Almost Nine Years Later, Verdict in Malatya Killings Trial Still Awaited

Defense could seek removal of monitoring devices on suspects.

ISTANBUL, Turkey (Morning Star News) – Another court hearing in the case of three Christians that were killed for their faith in Turkey almost nine years ago is set to be held next week.

The Jan. 5 hearing will be the 109th hearing to take place since the killing took place in 2007.

On April 18, 2007, three Christians were killed by men with links to Turkish nationals in the office of the Zirve Publishing House in Malatya in southeastern Turkey. Ugur Yüksel, 32, and Necati Aydin, 36, both Turkish converts from Islam, and Tilmann Geske, 45, a German national, were bound, interrogated about their Christian activities and then with knives; tortured, mutilated and killed, according to court evidence.

Police arrested five men almost immediately after the crime was reported; Salih Gurler, Cuma Ozdemir, Abuzer Yildirim, Hamit Ceker and Emre Gunaydin. Gunaydin attemped to escape police by jumping out of an upstairs window of the office and suffered serious injuries. Several others were later arrested in connection with the crime, including Turna Işıklı, Gunaydin’s girlfriend.

According to several Christians close to those killed, one or more of those arrested cultivated relationships with the victims. Several Christians said Gunaydin went so far as to pose as being interested in the Christian faith or even becoming a Christian to get as close as possible to the three men.

When they were arrested, at least one of the suspects had a note claiming they committed the slaying for their country.

“They are trying to take our country away, take our religion away,” the note read in part.

In 2008, the court held its first hearing in the case, but the proceedings were problematic and difficult from the start. The judges and prosecutors were changed more than once, causing significant delays, and subpoenaed witnesses simply refused to show up in court to testify without legitimate reason, and without being punished later for contempt of court.

Most significant in delays was the attempt to explore links between the killings and a larger alleged attempt by the Turkish military to subvert the Justice and Development Party-led government.

From the beginning of the trial, Gunaydin was portrayed as the leader of the attack, with links to nationalist groups, in particular nationalist writer Varol Bulent Aral. According to testimony by Gunaydin, Aral urged the killing of the Christians and said he would have support of the state, meaning hard-core nationalists within the military.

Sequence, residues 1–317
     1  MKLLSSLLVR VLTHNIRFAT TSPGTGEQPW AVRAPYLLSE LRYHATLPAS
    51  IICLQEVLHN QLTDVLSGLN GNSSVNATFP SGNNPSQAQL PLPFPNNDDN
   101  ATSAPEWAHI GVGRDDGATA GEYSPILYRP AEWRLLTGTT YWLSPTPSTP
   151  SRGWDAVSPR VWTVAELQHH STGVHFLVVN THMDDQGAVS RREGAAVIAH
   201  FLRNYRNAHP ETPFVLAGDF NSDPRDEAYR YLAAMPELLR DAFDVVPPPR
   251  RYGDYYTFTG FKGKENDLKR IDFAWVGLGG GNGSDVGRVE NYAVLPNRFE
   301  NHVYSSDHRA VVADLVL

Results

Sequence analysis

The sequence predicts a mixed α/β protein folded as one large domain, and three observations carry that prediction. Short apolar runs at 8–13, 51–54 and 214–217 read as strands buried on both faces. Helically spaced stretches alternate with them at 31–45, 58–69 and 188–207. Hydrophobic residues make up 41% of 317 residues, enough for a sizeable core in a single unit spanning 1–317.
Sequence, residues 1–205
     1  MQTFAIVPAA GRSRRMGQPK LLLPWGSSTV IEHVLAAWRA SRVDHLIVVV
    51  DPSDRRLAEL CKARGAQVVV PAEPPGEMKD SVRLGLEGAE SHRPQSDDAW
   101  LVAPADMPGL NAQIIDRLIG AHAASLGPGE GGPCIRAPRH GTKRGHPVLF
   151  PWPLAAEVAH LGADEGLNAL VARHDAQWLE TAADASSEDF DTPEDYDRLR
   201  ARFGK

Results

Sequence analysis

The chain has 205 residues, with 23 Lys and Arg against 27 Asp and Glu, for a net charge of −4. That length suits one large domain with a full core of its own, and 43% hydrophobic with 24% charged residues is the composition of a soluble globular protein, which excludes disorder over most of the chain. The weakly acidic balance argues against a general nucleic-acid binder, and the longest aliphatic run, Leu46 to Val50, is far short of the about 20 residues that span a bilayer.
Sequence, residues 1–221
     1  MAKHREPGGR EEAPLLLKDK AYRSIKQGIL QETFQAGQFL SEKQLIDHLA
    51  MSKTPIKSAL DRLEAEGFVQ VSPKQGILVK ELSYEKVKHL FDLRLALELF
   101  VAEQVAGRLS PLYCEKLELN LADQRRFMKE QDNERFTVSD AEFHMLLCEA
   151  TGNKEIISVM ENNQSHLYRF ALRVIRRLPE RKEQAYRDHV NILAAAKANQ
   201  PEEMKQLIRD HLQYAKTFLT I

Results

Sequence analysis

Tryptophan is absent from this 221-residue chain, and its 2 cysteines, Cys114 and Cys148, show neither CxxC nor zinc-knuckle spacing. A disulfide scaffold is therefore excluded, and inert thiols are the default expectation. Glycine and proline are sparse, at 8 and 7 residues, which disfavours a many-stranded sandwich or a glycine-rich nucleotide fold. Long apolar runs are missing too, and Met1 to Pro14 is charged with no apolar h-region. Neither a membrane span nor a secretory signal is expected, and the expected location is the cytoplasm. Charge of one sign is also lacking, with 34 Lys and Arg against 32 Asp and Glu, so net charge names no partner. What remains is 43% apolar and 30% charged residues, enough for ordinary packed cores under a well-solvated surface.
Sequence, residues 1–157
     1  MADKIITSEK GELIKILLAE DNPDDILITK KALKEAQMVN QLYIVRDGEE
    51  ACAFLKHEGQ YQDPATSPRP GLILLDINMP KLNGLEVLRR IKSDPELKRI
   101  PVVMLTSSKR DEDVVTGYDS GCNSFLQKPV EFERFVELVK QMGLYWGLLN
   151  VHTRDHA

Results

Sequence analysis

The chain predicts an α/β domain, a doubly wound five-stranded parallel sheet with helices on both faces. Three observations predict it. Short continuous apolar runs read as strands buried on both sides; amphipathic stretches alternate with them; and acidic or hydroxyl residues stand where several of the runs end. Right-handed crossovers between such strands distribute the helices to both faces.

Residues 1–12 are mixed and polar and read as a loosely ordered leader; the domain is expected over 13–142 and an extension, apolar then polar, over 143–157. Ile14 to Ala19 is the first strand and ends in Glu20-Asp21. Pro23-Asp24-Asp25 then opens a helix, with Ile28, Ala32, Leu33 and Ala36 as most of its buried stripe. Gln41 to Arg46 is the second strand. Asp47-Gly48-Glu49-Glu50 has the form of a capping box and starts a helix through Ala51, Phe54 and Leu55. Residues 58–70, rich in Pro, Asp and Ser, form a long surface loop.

In 2009, the murder case was linked to the Ergenekon file, concerning a suspected cabal plotting against the government. As a result of this, a host of new witnesses were called into court, including a colonel in the gendarmerie and three army officers.

Especially galling to families of the victims, the five suspects in the trial were released on bail on March 10, 2014 under a new reform law that reduced the allowable period of pretrial detention from 10 years to five. Under public pressure, authorities required them to wear electronic monitoring devices, but the release caused extreme distress among the families and friends of the victims. The suspects had in the past threatened family members of the victims. The wife of a Christian witness of the killings suffered a nervous breakdown and had to be hospitalized until she recovered, her husband told Morning Star News.

If no verdict is announced in the January hearing, it is thought defense attorneys will argue that the monitoring devices should be removed. Also expected to speak in court are the family members of the victims, who are expected to voice their frustration about the length of time the court is taking in coming to a verdict.

 

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At base of Uğur Yüksel’s grave, three words, “Killed like Jesus.” (Morning Star News)

At base of Uğur Yüksel’s grave, three words, “Killed like Jesus.” (Morning Star News)

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